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‘Fat Studies’ journal seeks views outside ‘Anglo-American contexts’

‘The field of fat studies originates in and is to this day dominated by Anglo-American academia’

“Fat studies” might be too “Anglo-American,” according to editors at an academic journal that studies “fatness.”

The editors of Fat Studies: An Interdisciplinary Journal of Body Weight and Society, said they want to see different viewpoints in a call for papers for an issue to come out in October 2025. The journal previously fell for a hoax “grievance studies” paper about “fat bodybuilding.”

“Theory and conceptual explorations that have been developed in Anglo-American contexts run the risk of being understood as universal rather than national/regional,” the editors wrote. “This forces e.g. Europe-based scholarship to translate the field into their specific contexts.”

Editor-in-Chief Carla Pfeffer did not respond to two emailed requests for comment sent in the past month that asked for more information on how to spread fat studies and what the lack of papers meant.

She is a sociologist at Michigan State University and also studies LGBT issues.

Her research interests include “chest-binding practices among transgender and non-binary populations” and other LGBT health topics, according to her personal website.

Lene Christiansen, a Denmark-based editor for this “special issue,” also did not respond to requests for comment.

Academics wishing to be published in this special edition have some topics to choose from.

They include: “The intersections of fatness and other marginalized positionalities in European contexts,” “The dialectic between Anglo-American fat studies and European scholarship,” and “Fat activism across Europe,” according to the journal.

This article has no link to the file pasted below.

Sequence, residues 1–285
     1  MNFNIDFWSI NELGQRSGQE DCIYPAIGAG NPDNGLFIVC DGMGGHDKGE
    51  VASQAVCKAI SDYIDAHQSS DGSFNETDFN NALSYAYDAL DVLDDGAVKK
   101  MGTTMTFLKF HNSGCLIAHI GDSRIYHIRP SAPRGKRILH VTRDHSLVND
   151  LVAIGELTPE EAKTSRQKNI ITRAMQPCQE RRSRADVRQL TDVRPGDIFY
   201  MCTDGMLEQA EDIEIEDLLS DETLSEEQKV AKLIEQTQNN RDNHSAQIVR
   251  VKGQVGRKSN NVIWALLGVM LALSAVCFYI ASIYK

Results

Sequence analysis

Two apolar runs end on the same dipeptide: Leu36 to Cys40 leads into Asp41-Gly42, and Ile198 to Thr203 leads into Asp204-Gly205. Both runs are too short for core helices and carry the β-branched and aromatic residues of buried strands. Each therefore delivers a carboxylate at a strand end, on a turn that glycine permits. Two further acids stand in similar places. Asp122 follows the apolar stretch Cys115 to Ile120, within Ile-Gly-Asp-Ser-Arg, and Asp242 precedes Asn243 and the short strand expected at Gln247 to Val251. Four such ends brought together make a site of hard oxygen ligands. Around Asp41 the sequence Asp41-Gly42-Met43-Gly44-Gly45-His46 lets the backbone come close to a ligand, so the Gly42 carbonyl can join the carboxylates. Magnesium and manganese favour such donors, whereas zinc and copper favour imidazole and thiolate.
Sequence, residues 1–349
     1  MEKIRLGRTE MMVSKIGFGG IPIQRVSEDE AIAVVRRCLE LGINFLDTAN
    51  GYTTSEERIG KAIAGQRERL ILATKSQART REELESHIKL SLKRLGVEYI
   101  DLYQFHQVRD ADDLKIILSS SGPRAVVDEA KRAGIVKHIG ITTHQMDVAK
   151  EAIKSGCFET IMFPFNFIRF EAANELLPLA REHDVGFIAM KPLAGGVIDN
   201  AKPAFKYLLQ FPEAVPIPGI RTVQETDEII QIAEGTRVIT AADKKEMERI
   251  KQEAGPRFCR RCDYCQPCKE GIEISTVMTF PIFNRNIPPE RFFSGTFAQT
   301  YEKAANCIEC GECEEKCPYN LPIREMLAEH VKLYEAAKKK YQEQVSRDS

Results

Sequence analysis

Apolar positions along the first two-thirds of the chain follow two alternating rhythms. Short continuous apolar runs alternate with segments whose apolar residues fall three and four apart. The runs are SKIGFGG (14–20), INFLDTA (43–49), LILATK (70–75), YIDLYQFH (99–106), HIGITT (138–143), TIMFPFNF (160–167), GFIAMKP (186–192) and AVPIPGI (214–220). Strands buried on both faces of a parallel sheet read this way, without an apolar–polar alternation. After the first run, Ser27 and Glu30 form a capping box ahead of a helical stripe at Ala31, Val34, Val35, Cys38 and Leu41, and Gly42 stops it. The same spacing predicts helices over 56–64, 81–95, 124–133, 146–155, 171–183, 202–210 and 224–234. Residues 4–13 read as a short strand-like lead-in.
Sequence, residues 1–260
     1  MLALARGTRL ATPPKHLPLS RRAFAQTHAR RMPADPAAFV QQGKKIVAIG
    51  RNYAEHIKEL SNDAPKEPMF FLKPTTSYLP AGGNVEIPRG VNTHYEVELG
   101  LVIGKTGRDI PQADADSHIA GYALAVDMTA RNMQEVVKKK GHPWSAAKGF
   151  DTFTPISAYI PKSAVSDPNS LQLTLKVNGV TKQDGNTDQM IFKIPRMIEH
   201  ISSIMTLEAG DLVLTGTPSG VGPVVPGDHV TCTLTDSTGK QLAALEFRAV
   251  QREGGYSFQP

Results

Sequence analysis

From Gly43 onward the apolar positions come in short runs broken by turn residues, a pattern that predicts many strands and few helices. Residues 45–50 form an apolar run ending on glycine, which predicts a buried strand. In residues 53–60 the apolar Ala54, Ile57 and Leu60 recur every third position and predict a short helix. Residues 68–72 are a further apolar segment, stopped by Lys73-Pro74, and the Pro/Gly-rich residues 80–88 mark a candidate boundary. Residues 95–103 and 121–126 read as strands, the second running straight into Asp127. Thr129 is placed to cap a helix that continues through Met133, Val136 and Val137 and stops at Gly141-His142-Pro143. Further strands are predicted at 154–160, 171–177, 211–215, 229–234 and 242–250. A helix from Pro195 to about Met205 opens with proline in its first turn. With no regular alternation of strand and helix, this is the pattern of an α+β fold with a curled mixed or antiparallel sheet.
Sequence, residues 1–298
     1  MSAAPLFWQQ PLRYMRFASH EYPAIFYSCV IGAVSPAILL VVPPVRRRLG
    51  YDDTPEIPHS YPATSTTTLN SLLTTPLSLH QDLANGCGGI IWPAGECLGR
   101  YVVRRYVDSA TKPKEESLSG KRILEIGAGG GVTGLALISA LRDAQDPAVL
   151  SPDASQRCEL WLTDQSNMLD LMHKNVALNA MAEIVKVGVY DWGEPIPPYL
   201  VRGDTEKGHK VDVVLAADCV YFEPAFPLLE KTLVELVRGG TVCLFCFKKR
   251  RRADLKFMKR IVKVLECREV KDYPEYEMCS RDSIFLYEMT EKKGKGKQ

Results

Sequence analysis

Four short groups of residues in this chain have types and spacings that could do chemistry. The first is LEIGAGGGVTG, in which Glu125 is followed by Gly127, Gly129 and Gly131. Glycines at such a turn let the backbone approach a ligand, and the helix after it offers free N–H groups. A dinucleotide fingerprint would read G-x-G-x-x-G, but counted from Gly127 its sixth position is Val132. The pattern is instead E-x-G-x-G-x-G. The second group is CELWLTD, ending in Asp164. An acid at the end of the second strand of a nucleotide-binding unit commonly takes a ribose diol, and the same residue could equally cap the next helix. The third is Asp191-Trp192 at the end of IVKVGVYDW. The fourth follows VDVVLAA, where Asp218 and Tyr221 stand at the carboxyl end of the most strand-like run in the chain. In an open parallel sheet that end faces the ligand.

The field of “fat studies” has drawn criticism from social commentator Helen Pluckrose.

Pluckrose, who helped lead the “grievance studies” hoax to expose the low publishing standards among some academic fields, said “fat studies” is based in “radical feminism.”

Pluckrose, and her co-conspirators James Lindsay and Peter Boghossian, even had a paper published in Fat Studies.

She wrote in The Critic in 2019, criticizing the field:

Although it seems incredible that any activism or scholarship on behalf of the overweight, obese and morbidly obese — those in imminent danger of death — would actively work to prevent people from accessing scientific research to inform their decisions about their diet and weight, this is exactly what is happening. This was inevitable as the scholarship is rooted in a type of postmodern theory which is explicitly anti-science.

The ideas of fat studies can be dangerous, Pluckrose said, by minimizing the harms of being overweight.

“There is a genuine need for activism and advocacy for the obese because obesity is an extremely dangerous health condition,” she wrote in The Critic. “Even when we know this, it can be difficult to take control of it for all kinds of reasons, many of them psychological.”

“Nevertheless, we recognise eating disorders which cause people to become dangerously underweight as a psychological problem requiring treatment; we should be able to address beliefs and behaviours leading to becoming dangerously overweight in the same way.”

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IMAGE: Towfiqu Barbhuiya

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About the Author
College Fix contributor William Hurley is a student at Hope College where he studies political science and theology. He is active in many clubs including Hope Republicans, Hope Catholics, and Students Cherishing Life. He has written for the Hope College student newspaper, The Anchor.